Breaking News Bar
updated: 12/5/2012 8:27 AM

St. Charles 'correctional giant' dead at 84

hello
Success - Article sent! close
  • As the assistant superintendent of the then Illinois Training School for Boys at St. Charles in 1963, Samuel Sublett Jr. once found himself staring down the barrel of a shotgun wielded by an escaped juvenile inmate. He survived the encounter and spent 40 years in the world of corrections. Sublett recently died at 84 in his St. Charles home.

      As the assistant superintendent of the then Illinois Training School for Boys at St. Charles in 1963, Samuel Sublett Jr. once found himself staring down the barrel of a shotgun wielded by an escaped juvenile inmate. He survived the encounter and spent 40 years in the world of corrections. Sublett recently died at 84 in his St. Charles home.

 
 

Samuel Sublett Jr. was the 35-year-old leader of the then Illinois Training School for Boys at St. Charles when a head count revealed two escapees. Sublett tracked them to a nearby farm. But when he reached the top of a ladder to search for the boys in a hayloft, Sublett found a shotgun pointed at his face.

Sublett merely had to ask for the weapon, and the boys relinquished it. So went the story of Sublett's early days in the world of corrections, according to a May 1966 article in Ebony magazine.

Order Reprint Print Article
 
Interested in reusing this article?
Custom reprints are a powerful and strategic way to share your article with customers, employees and prospects.
The YGS Group provides digital and printed reprint services for Daily Herald. Complete the form to the right and a reprint consultant will contact you to discuss how you can reuse this article.
Need more information about reprints? Visit our Reprints Section for more details.

Contact information ( * required )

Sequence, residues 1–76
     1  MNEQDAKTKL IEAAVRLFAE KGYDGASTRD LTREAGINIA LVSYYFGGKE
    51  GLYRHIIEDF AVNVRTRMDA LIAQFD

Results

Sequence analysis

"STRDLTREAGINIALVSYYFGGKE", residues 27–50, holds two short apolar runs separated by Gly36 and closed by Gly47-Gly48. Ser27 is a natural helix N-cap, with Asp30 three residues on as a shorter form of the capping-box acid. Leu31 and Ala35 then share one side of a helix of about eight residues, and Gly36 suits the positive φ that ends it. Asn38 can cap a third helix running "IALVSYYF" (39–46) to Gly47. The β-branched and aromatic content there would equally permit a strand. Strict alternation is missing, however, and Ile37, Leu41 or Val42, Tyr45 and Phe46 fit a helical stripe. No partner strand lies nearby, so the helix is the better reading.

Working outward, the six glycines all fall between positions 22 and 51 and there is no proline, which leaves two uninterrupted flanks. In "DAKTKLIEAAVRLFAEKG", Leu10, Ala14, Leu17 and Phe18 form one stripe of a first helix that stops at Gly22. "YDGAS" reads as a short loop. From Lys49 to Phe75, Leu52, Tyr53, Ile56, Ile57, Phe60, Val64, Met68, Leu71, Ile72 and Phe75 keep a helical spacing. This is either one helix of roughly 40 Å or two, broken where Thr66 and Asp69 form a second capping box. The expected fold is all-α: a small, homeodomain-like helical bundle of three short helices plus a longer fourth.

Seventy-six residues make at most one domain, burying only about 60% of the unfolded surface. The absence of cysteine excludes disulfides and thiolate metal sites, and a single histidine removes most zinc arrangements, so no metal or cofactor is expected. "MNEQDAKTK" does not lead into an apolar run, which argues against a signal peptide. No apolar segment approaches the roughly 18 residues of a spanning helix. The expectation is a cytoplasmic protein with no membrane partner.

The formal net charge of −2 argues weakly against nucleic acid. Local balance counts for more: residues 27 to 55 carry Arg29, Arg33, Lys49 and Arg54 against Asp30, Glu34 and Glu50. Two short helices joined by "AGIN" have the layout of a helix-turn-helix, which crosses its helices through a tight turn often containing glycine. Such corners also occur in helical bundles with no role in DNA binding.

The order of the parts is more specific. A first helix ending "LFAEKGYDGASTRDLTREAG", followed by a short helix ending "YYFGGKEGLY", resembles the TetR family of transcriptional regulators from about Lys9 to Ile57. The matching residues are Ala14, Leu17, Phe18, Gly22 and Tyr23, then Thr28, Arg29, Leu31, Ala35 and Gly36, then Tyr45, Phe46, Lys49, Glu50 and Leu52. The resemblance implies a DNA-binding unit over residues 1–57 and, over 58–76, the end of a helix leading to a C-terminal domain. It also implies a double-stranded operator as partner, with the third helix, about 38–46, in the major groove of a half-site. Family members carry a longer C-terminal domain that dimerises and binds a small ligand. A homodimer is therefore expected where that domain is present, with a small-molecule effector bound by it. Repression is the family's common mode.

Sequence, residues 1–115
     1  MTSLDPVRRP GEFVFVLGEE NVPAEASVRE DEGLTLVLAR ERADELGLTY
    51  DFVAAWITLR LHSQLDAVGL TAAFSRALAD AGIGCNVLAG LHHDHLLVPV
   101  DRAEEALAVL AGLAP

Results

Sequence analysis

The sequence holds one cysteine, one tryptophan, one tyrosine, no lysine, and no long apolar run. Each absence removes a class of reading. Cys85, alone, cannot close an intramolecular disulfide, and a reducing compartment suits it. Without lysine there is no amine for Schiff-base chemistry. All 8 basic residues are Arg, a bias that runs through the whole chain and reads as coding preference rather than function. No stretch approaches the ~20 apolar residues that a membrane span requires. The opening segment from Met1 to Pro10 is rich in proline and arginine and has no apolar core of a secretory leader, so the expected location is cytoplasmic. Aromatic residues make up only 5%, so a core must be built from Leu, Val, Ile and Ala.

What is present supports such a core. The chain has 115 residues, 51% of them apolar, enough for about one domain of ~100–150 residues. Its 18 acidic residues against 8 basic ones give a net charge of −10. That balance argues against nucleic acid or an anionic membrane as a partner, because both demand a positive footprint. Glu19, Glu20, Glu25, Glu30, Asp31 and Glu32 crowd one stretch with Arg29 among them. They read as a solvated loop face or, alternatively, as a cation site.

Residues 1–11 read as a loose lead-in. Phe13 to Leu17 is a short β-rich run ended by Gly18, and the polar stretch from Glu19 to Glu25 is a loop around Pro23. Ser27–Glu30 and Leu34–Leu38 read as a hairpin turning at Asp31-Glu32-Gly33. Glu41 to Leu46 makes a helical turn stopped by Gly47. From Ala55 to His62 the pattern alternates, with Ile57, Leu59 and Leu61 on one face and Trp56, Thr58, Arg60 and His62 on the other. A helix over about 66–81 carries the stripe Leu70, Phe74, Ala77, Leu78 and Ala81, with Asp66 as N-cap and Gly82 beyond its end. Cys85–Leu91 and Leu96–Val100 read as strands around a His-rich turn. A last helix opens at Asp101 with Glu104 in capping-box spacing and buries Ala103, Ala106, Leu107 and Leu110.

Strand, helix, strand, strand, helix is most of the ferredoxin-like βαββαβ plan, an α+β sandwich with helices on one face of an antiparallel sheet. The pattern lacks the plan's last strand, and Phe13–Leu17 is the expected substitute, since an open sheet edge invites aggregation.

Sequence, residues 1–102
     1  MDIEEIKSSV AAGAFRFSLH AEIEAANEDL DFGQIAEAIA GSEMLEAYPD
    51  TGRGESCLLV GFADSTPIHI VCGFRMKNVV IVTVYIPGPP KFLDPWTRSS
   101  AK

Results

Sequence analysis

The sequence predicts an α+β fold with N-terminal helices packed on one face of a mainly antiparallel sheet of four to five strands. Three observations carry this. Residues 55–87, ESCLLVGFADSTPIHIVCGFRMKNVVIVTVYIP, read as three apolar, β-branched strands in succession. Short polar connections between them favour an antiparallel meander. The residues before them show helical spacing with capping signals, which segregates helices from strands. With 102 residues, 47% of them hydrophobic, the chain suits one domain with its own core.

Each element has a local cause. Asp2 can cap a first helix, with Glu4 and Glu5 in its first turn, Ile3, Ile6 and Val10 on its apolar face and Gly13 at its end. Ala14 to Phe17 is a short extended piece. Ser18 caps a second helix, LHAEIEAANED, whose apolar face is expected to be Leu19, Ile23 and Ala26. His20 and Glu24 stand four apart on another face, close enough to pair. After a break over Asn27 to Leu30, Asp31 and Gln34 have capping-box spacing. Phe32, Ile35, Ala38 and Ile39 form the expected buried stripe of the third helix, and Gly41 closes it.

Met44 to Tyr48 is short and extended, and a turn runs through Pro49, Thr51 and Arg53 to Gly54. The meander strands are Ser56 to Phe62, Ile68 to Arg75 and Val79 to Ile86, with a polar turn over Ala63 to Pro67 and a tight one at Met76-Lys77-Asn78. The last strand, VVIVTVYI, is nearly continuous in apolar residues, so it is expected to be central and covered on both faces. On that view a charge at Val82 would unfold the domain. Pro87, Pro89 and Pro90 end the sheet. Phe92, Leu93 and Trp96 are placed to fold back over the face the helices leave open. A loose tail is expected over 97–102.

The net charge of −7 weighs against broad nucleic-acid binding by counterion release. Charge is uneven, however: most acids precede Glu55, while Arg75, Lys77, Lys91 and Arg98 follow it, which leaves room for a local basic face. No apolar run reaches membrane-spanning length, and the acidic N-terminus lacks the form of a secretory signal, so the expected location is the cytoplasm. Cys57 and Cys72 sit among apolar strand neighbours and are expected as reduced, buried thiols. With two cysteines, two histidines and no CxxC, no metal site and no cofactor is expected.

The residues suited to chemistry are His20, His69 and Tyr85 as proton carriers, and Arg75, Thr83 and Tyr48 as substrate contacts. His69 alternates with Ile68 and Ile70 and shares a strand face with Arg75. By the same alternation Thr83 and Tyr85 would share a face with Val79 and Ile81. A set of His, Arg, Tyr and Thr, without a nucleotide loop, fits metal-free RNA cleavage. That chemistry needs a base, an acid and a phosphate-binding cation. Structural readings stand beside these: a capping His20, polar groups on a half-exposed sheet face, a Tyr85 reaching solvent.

Success - request sent close

Sublett recently died in his St. Charles home at 84.

The Ebony article portrays him as part teacher, part parent and part disciplinarian to the boys at the St. Charles juvenile corrections facility, which still exists today.

"Most of these kids are basically no different from those out on the street," Sublett is quoted in the Ebony article. "They get into trouble, there's no one to go to bat for them, and they wind up here."

Sublett went on to spend more than 40 years in the world of corrections, literally writing the book on national standards for both adult and juvenile correctional institutions along the way. Sublett served in several leadership positions with the American Correctional Association. He was awarded the Walter Dunbar Accreditation Award, the highest bestowed by the Commission on Accreditation for Corrections, for his work in creating a 10-volumne set of comprehensive corrections standards. The standards set the bar for corrections operations in adult and juvenile corrections, parole, probation and community-based jails.

Marge Webster, a family friend, referred to Sublett as a "correctional giant" in online memorial book for Sublett. "Sam has always been a great role model for the new (people) in the business and someone to admire for those more seasoned. We will miss you, Sam."

Sublett is survived by his wife, Phyllis; four children; eight grandchildren; and two great-grandchildren.

Visitation is 4 to 9 p.m. Friday, at the Moss-Norris Funeral home, 100 S. Third St., St. Charles. There will be a memorial service at 10 a.m. Saturday at the funeral home. Memorials should be sent to the Salvation Army in St. Charles. For more information, contact the funeral home at (630) 584-2000 or visit mossfuneral.com.

Share this page
Comments ()
Guidelines: Keep it civil and on topic; no profanity, vulgarity, slurs or personal attacks. People who harass others or joke about tragedies will be blocked. If a comment violates these standards or our terms of service, click the X in the upper right corner of the comment box. To find our more, read our FAQ.